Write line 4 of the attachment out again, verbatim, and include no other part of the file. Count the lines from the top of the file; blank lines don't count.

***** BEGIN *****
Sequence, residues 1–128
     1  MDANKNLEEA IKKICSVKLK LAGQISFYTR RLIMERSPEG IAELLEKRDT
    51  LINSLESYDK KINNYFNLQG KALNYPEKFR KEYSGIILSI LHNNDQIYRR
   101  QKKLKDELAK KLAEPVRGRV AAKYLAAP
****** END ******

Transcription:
   101  QKKLKDELAK KLAEPVRGRV AAKYLAAP